"Diary of the Dead" is a limp and dreary experience, at least after you get past its intriguing premise. It’s poorly written and woodenly acted, completely formulaic and hopelessly imprisoned by both its genre and finally its form. I mean, it’s great that George Romero knows about MySpace, I guess, but spicing up a middling, muddling zombie flick with a few electronic-lifestyle fillips is beneath him, frankly.

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The Best Of The Last

Portlandia Goes Out With A Bang

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The end is near. In mere days Portlandia wraps up its final season, and oh what a season it’s been. Lucky for you, you can watch the entire season right now right here and on the IFC app, including this free episode courtesy of Subaru.

But now, let’s take a moment to look back at some of the new classics Fred and Carrie have so thoughtfully bestowed upon us. (We’ll be looking back through tear-blurred eyes, but you do you.)

Couples Dinner

It’s not that being single sucks, it’s that you suck if you’re single.

Cancel it!

A sketch for anyone who has cancelled more appointments than they’ve kept. Which is everyone.

Forgotten America

This one’s a “Serial” killer…everything both right and wrong about true crime podcasts.

Wedding Planners

The only bad wedding is a boring wedding.

Disaster Hut

It’s only the end of the world if your doomsday kit doesn’t include rosé.

Catch up on Portlandia’s final episodes on demand and at

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Your Portlandia Personality Test

The New Portlandia Webseries Is Going Your Way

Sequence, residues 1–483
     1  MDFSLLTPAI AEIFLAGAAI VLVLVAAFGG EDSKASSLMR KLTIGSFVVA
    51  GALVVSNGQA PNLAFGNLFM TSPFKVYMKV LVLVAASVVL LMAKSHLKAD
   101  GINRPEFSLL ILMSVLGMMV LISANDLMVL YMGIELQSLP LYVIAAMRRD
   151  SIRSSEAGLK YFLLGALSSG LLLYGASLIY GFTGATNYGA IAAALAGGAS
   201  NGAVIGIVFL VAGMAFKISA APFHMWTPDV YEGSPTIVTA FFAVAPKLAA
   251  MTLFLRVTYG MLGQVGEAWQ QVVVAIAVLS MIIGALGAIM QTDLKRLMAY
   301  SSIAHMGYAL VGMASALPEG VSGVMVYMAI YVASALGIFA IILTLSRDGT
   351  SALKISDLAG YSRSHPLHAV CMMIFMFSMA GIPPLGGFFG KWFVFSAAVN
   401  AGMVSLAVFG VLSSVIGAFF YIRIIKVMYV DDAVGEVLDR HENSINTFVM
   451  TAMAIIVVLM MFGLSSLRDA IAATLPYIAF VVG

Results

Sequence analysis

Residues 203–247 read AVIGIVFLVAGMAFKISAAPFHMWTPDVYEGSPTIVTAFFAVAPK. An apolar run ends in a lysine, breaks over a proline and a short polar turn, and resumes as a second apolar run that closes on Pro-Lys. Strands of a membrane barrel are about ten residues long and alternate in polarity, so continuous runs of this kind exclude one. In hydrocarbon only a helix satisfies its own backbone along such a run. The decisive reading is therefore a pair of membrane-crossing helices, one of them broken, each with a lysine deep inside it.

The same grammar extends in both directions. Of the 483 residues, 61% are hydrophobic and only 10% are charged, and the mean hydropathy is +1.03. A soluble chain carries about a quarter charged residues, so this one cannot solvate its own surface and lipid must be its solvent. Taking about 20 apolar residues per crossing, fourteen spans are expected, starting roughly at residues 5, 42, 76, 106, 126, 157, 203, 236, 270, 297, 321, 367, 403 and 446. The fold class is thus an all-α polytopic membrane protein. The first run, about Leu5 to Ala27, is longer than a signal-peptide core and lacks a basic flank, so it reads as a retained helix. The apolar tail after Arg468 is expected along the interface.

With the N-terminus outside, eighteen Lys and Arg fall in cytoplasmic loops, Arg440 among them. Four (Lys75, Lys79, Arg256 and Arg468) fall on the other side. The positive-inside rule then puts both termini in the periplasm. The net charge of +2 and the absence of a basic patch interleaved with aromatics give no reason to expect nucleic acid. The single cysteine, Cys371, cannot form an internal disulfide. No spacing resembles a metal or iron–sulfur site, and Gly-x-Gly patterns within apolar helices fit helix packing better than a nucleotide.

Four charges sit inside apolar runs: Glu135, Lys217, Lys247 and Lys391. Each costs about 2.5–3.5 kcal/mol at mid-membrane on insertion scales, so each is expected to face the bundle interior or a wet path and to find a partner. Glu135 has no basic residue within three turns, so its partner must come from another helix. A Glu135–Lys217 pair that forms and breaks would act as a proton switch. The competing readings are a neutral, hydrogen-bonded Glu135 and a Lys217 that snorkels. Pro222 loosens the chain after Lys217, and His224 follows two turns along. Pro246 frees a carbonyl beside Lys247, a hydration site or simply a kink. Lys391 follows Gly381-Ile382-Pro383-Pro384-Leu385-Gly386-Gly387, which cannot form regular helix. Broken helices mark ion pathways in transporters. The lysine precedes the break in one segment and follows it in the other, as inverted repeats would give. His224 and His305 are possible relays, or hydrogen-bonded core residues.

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Carrie and Fred understand that although we have so much in common, we’re each so beautifully unique and different. To help us navigate those differences, Portlandia has found an easy and honest way to embrace our special selves in the form of a progressive new traffic system: a specific lane for every kind of driver. It’s all in honor of the show’s 8th and final season, and it’s all presented by Subaru.

Ready to find out who you really are? Match your personality to a lane and hop on the expressway to self-understanding.

Lane 10: Trucks Piled With Junk

Your junk is falling out of your trunk. Shake a tail light, people — this lane is for you.

Lane 33: Twins

You’re like a Gemini, but waaaay more pedestrian. Maybe you and a friend just wear the same outfits a lot. Who cares, it’s just twinning enough to make you feel special.

Lane 27: Broken Windows

Bad luck follows you around and everyone knows it. Your proverbial seat is always damp from proverbial rain. Is this the universe telling you to swallow your pride? Yes.

Lane 69: Filthy Cars

You’re all about convenience. Getting your car washed while you drive is a no-brainer.

Lane 43: Newly Divorced Singles

It’s been a while since you’ve driven alone, and you don’t know the rules of the road anymore. What’s too fast? What’s too slow? Are you sending the right signals? Don’t worry, the breakdown lane is nearby if you need it.

Still can’t find a lane to match your personality? Check out all the videos here. And see the final season of Portlandia this spring on IFC.

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Last-Minute Holiday Gift Guide

Hits from the '80s are on repeat all Christmas Eve and Day on IFC.

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GIFs via Giphy, Photos via The Everett Collection